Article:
Without going too far into spoiler territory, the series contains enough suspense and drama to hold viewer interest – that is, if they make it far enough to get to the truly interesting points. The slow start, though necessary to build out the rules and limitations of the time travel aspect, can be a little tedious. Similarly, the almost slice of life nature of the character interactions at first leave the show without a clear focus. Exacerbated by Okarin’s seemingly incoherent and unsubstantial ramblings that begin from the very first episode, the series can feel a little hard to approach.
Persistent viewers will see, however, that the aforementioned ‘event’ forces the series to focus on one particular goal. The real substance of the character development and story progression takes place around this segment and imparts most of the lessons that the series is trying to convey. Far from wasting the first half, the conclusive arc ties together everything that took place before. The end result is a truly cohesive story that wraps up the individual character threads like converging world lines.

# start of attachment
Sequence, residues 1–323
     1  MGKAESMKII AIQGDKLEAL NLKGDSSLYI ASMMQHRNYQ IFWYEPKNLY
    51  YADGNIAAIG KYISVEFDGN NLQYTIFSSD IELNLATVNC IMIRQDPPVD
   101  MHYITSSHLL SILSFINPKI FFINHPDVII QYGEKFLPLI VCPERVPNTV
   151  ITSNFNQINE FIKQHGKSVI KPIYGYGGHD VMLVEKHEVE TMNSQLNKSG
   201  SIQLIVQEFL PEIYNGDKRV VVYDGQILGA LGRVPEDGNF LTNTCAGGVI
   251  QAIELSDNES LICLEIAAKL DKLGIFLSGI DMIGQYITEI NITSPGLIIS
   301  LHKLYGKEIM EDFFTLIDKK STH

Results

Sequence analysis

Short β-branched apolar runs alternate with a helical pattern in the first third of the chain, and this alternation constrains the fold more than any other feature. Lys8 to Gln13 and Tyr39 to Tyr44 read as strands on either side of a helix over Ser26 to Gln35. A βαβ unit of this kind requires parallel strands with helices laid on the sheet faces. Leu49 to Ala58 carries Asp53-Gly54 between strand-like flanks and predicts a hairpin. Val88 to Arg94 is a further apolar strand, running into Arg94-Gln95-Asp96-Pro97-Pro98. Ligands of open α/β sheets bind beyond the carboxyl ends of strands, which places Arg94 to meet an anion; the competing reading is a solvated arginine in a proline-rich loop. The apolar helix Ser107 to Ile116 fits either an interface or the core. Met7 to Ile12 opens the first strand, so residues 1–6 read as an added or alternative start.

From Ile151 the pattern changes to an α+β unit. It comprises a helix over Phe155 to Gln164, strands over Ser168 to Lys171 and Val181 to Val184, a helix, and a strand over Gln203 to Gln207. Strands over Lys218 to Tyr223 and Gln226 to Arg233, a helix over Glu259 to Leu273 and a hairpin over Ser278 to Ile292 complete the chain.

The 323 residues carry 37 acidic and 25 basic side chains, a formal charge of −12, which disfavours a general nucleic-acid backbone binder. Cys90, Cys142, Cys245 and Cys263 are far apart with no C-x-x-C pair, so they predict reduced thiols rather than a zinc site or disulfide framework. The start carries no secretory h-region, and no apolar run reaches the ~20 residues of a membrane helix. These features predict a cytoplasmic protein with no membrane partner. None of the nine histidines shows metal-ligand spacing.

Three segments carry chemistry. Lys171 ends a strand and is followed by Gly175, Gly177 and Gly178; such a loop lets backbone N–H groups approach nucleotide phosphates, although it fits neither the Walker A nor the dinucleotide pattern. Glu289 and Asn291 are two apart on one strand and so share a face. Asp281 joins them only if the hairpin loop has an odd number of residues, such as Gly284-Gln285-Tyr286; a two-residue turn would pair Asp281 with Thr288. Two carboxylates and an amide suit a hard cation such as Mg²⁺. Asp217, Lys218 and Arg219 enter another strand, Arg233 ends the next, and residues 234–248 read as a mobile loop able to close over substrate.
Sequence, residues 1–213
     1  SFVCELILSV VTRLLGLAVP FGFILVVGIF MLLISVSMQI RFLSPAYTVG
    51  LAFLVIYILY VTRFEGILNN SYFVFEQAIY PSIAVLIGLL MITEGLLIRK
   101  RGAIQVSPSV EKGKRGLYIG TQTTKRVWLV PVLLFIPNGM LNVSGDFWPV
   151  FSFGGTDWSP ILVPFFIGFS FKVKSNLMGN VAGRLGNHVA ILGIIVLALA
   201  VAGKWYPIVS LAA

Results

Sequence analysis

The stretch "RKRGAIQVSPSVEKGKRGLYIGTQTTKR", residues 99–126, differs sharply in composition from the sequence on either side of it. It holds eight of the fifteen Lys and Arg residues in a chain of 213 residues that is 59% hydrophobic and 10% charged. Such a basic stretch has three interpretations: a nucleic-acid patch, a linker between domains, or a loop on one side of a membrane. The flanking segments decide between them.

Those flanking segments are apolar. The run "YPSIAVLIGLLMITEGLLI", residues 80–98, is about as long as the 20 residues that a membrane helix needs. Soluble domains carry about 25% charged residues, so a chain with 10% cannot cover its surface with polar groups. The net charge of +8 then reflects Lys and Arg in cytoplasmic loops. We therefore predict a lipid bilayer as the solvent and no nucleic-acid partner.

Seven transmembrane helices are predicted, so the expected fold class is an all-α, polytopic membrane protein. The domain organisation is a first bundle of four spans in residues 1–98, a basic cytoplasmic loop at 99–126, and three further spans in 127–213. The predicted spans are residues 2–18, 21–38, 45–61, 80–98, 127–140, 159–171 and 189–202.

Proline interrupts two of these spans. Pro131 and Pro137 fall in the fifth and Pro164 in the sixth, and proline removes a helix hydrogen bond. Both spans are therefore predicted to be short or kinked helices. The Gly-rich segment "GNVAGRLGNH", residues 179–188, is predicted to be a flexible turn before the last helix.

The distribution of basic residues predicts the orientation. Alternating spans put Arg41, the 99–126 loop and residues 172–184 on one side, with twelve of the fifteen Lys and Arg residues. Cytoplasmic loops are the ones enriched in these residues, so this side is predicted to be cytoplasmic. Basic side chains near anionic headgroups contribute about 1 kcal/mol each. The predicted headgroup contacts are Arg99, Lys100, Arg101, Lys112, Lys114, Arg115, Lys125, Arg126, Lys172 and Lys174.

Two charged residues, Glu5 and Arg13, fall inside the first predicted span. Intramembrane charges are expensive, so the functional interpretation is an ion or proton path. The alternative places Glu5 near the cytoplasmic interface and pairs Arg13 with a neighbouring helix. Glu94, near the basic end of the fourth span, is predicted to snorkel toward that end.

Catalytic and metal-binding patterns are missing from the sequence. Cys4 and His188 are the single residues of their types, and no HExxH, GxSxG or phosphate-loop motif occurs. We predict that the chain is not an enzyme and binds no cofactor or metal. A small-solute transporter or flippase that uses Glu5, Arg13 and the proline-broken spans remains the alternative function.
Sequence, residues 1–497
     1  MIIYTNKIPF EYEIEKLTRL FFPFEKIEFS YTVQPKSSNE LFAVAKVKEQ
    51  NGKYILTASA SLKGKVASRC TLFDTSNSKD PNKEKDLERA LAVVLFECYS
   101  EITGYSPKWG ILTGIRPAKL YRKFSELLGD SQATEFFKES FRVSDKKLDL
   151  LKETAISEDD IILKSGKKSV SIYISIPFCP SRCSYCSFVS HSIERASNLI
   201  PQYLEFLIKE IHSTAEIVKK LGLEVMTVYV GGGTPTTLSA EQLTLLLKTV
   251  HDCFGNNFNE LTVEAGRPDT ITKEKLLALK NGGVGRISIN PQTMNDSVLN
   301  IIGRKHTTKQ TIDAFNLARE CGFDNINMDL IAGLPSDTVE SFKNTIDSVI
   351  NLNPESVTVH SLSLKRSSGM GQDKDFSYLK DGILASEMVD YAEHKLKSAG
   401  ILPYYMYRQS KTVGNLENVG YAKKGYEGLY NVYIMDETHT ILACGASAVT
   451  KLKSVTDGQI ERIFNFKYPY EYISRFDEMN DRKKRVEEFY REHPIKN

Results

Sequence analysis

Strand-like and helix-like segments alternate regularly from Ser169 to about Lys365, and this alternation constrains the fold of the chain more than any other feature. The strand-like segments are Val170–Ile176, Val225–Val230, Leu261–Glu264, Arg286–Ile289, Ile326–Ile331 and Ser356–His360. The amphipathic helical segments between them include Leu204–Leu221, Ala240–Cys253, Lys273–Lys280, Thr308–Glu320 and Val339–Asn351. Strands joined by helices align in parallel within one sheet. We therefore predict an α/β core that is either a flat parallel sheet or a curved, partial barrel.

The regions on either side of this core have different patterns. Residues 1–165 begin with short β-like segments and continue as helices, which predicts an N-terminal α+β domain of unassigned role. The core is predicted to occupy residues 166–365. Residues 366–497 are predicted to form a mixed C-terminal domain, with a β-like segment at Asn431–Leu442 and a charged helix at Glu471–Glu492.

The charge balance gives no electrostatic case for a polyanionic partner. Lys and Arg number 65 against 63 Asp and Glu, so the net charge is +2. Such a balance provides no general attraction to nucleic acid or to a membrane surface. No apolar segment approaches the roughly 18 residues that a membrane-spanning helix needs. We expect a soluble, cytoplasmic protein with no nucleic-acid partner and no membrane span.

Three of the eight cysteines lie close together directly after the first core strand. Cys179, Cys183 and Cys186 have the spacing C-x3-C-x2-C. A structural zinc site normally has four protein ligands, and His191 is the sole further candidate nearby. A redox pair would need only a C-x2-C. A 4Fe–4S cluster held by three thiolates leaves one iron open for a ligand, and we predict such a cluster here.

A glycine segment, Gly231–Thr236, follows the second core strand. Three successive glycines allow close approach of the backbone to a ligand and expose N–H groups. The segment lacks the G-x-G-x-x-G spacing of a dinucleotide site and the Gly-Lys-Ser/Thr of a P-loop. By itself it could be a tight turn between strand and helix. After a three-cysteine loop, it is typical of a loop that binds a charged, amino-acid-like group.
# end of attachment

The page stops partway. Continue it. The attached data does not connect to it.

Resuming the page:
As a visual novel adaptation, I wasn’t sure exactly how this series would handle its characters, as I hadn’t seen one before that I’m aware of. These sorts of games focus on a scripted set of events with various branching narratives available for the player character to explore. Trying to fit all these arcs into one anime is certainly a tough challenge, and while I am unfamiliar with the game, I was impressed at how organic some of the characters in Steins;Gate felt. Each character has a distinct personality and almost all of them have more depth than their initial archetypes let on. Adding to their individual personalities the series is full of witty back and forth banter, allowing viewers to learn about their nuances in a creative and comedic way.